Though disruption and distance may be the enduring themes of these times, our work at the Center for Sustainable Agriculture continues. We are physically separated, but still united around work that supports farms, farmers, communities and the land and water that sustains us all.
Alongside the existing research and projects with which we began the year, we have been fortunate enough to receive funding for two new projects that feel especially promising right now - ones that are exploring resiliency in particularly interconnected ways. As we continue to reflect on our core values and beliefs, we are honored to be able to engage in - and tell the story of - work that has the capacity to help more farms to thrive.
Thanks to a grant from the Dean's Office of the UVM College of Agriculture and Life Sciences (CALS), a team that includes Center personnel, Travis Reynolds from Community Development & Applied Economics (CDAE), and Agritourism program director Lisa Chase, has gathered to investigate what connections, relationships and assets were factors in the farms' experiences during the COVID-19 crisis.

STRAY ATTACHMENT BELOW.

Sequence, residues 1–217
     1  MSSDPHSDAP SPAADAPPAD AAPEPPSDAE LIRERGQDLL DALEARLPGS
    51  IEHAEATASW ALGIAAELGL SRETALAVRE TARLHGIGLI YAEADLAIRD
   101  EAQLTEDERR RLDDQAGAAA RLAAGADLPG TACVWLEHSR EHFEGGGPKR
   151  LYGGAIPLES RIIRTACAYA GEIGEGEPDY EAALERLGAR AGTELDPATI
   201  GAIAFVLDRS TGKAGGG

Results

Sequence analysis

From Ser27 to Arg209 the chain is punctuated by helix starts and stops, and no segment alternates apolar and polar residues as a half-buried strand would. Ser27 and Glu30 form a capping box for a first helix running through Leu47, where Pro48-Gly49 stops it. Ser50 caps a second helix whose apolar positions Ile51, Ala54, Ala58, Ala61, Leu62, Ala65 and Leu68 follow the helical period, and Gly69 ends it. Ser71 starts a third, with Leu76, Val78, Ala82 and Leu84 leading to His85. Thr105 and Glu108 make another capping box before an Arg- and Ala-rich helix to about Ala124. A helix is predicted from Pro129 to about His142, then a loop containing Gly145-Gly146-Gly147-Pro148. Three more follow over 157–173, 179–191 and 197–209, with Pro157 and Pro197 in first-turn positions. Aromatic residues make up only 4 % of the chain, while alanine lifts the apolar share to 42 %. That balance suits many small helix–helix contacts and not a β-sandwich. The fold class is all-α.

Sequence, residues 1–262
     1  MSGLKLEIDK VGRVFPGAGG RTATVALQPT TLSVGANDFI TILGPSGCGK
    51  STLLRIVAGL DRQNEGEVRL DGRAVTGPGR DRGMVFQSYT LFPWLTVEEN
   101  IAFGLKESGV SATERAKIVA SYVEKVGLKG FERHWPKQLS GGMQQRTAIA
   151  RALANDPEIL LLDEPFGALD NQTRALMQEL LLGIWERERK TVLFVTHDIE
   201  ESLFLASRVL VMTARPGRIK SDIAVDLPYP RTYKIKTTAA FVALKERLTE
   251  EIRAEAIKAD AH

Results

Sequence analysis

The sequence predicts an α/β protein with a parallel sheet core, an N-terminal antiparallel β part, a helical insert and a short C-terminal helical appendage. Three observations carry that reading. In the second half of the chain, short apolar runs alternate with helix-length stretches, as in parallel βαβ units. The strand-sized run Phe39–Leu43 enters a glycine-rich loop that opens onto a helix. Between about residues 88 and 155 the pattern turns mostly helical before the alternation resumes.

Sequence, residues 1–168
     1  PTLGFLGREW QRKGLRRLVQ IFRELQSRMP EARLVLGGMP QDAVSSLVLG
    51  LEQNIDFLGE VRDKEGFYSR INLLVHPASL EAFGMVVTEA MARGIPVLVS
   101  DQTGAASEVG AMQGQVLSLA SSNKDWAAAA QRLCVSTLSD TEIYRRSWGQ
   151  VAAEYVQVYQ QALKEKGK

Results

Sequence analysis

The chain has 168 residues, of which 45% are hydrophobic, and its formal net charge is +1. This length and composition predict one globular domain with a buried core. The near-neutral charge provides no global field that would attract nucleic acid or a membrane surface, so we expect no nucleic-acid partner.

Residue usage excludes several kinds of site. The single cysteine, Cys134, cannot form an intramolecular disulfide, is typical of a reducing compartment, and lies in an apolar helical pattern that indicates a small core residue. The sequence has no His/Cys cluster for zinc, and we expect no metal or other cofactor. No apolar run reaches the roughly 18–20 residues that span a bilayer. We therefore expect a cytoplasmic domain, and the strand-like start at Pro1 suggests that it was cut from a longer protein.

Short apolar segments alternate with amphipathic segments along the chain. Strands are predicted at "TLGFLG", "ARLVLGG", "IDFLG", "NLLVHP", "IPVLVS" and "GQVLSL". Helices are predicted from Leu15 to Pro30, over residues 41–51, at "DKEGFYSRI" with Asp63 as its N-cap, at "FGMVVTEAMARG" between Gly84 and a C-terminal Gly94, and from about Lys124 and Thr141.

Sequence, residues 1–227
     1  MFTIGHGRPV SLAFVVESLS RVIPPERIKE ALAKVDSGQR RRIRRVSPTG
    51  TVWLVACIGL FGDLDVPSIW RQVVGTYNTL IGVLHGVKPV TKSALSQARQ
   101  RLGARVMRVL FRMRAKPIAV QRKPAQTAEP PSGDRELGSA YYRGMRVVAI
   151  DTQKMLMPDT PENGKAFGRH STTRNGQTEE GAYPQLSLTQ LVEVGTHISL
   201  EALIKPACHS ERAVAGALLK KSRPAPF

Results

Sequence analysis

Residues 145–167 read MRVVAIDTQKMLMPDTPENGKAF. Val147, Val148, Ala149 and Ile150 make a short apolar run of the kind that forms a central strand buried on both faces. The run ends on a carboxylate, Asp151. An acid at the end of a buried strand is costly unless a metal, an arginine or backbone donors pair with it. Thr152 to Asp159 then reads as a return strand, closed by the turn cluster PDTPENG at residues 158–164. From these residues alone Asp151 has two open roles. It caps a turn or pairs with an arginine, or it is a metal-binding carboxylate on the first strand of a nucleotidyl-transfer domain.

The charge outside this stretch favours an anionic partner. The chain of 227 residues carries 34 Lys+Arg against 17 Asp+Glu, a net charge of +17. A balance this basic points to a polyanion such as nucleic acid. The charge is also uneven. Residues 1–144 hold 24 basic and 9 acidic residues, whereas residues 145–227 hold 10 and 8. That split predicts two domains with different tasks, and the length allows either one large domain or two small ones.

In this short video Suzy Hodgson, who is the lead on the project, explains the scope and aims of the work the team will be engaging in the next year.
Wool Pellet Project
A grant from Northeast SARE is allowing us to begin the next phase of work on the Wool Pellet Project that uses a waste product (raw wool0 from sheep farmers to create a soil amendment for vegetable growers.
With this funding, the team is learning just what happens to the soil and (tomato and spinach) plants treated with pelletized raw wool. The implications for plant growth, soil health and water quality are promising based on the first phase of the research. Learn a bit more in this recent video with Kimberly Hagen explaining the project.